As regards the tedious subject of application forms, the rationale behind their use can be readily understood.  They can make it easier to pick out the information an employer is looking for and all of the applications are in a standard format.  However, they are time consuming to put together, may not transfer over from one role to another very well, and the employer isn’t really seeing the potential in the candidates as they aren’t showing you what they think is important to them, and that might just give someone with potential an edge over the other people.  This of course depends on the job you are recruiting for.  You might need to hire someone with a certain level of knowledge already, or maybe it would be best to take someone with potential and train them up……  Maybe that application form is actually ruling out the best person for that job you are advertising, because the form is so onerous and they have so many other commitments that they decide not to fill it in.  Just think of the people with caring responsibilities who have so much to give but don’t apply because they are too busy working full time and looking after children or other family members in their spare time.  You might think these people would not be committed to your organisation and role, but actually these are the people who need the job the most so if they are treated well and their needs are met so they can do both, then they are likely to be committed and achieve within your organisation.  Covering letters are another waste of time in my view, especially if the application or CV is being sent by email – the candidate has to say something to introduce themselves in the email, yet some employers insist on a cover letter too.  Why?  It is just a collection of words that a candidate feels obliged to write in order to jump through another hoop.  I believe in efficiency, and if it isn’t necessary – don’t ask for it.  I believe in politeness and being respectful towards people and so I can see the argument for asking for a cover letter in some situations – for example it makes sense if you are asking for a CV and then you ask for a covering letter to give the candidates the opportunity to say a little bit more about how they meet the criteria for the job.  So that’s my perspective for an employer.  For an employee I would advise that you follow to the letter what the employer has asked for, even if it seems a little over the top.  If you aren’t going to spend the time following the instructions, it’s not worth applying in the first place.
Lies! Yes, shock horror! People tell lies to get jobs.  The question that will encourage most lies is probably “Why do you want the job?”  Well the real reason will probably be something along the lines of to pay the bills, its why most of us go to work.  So this question is going to get people saying how fantastic the company is, how it is their ambition or whatever else they can schmooze out of their mouth on the spur of the moment.  Why do employers ask this question?  Does the answer to this really tell you about the commitment of the candidate or does it just show you how tired the candidate is of having to make stuff up to try to jump through the hoops of the recruitment process?  If there are more candidates than jobs it is likely that the candidates you’re looking to recruit have had many interviews before this one- don’t forget, it might seem like you’re in charge but it’s actually quite difficult to find someone who will do the job well and fit in with your culture.  Do you really want to put people off by asking irrelevant questions or questions that encourage lies?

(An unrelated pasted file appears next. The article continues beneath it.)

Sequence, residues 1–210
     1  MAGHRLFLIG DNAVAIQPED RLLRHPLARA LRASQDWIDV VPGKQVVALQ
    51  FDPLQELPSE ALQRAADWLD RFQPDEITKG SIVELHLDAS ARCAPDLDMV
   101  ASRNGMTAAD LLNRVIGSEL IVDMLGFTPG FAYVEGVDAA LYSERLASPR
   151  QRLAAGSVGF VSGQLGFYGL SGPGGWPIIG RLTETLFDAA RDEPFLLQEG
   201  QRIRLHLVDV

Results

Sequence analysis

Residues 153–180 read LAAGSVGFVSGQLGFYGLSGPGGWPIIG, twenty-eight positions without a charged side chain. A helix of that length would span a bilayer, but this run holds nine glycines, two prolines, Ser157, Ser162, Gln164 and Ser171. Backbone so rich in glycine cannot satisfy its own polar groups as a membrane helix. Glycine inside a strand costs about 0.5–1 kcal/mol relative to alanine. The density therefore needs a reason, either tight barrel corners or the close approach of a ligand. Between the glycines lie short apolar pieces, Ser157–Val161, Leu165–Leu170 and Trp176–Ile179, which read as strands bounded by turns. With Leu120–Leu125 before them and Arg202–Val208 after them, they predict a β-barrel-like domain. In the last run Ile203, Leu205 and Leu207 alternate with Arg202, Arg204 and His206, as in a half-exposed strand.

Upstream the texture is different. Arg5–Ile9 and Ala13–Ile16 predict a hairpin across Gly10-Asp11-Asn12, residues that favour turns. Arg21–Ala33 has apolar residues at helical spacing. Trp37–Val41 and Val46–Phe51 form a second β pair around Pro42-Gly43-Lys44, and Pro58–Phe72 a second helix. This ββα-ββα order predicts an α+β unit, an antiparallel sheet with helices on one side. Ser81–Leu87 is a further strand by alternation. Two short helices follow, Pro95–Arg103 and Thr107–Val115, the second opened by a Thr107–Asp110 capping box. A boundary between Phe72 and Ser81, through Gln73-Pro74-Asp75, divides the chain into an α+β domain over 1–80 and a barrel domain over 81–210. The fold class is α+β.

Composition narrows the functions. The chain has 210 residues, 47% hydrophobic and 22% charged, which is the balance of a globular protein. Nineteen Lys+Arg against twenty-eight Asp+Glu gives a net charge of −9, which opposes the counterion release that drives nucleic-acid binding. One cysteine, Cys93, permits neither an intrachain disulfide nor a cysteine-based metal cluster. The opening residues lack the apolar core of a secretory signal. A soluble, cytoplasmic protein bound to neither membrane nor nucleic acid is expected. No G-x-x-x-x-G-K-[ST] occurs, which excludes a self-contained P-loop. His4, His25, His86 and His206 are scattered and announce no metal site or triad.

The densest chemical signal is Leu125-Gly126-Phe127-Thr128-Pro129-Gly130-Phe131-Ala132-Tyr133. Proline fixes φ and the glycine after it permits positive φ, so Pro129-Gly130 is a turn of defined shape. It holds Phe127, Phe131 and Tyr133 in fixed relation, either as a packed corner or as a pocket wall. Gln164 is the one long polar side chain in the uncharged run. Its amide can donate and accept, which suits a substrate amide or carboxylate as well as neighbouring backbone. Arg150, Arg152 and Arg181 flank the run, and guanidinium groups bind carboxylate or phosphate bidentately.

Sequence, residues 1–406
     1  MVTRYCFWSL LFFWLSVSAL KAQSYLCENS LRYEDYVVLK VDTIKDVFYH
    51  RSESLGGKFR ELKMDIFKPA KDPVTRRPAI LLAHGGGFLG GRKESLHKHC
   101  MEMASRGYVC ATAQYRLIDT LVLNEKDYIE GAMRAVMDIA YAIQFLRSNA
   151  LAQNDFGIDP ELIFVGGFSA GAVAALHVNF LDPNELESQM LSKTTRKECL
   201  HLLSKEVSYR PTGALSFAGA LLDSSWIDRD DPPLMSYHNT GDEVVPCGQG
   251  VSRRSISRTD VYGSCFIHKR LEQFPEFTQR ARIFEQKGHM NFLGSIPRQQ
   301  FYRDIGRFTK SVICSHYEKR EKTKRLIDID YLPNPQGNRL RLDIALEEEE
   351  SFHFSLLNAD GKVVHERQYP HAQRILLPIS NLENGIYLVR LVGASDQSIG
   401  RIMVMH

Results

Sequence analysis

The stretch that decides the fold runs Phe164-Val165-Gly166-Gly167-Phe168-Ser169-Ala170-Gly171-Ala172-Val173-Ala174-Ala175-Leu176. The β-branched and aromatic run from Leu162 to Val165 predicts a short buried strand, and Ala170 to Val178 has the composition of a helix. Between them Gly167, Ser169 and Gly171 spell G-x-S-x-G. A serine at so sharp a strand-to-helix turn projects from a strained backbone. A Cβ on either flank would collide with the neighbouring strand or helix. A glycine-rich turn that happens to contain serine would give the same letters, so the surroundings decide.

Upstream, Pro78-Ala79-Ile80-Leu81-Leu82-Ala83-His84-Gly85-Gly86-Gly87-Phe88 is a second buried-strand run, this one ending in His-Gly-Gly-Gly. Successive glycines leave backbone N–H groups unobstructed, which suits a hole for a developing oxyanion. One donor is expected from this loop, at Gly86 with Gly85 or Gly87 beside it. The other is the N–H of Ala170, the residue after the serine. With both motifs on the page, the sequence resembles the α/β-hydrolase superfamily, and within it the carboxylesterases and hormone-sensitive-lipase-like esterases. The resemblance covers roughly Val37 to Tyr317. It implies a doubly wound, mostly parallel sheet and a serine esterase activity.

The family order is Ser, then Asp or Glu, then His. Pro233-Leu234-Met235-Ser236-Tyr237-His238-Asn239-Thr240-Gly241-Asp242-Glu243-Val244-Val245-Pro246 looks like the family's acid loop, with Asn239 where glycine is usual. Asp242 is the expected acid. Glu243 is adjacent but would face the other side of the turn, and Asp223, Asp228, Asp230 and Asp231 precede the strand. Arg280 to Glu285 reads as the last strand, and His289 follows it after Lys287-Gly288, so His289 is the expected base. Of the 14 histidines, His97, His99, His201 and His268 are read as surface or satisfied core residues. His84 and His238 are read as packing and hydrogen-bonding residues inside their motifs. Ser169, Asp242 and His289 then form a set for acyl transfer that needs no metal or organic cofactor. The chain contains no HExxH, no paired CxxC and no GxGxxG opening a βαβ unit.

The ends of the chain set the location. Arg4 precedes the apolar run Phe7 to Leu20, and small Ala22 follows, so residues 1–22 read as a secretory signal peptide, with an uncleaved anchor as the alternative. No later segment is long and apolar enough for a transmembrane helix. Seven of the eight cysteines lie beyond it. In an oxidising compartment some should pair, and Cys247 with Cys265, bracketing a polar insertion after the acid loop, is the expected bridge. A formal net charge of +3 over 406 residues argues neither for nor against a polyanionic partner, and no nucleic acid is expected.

I mentioned the imbalance of power already and it is certainly a perspective I’ve come across many times.  Working with job seekers, they often think that the employer has all the power.  But do they really?  It’s actually the case that both sides have an unmet need and both sides have the potential to meet the need of the other.  The best candidates will also judge the quality of the employer and how they might be valued or not in that company.  Who wants to work for a company where they are treated like a number?  Or worse?
There is much current discussion about a skills gap. I believe there is a talent gap and that there is a stagnant pool of employees who are continually recruited into similar roles to ones they have done before when actually they have the potential to achieve so much more – but they’re not given the opportunity.  A candidate might not have experience of something in particular for a variety of reasons, mostly relating to opportunity. The employer should consider the possibility that the candidate may have untapped potential yet to be discovered.
There are so many different ways to find the right people for your company – so you need a strategy over the longer period.  Be creative and less prescriptive – you’re going to get the best people by using considered judgement as well as processes.  What about putting the person into a real situation rather than asking them to talk you through a situation?  What about asking what would they do instead of what have they done?  Recruitment should be an ongoing strategy – not a one off panic every time someone puts in their notice.
If you need help with recruitment, contact Kelly on 07881294894 or email kelly@cygnetnortheast.com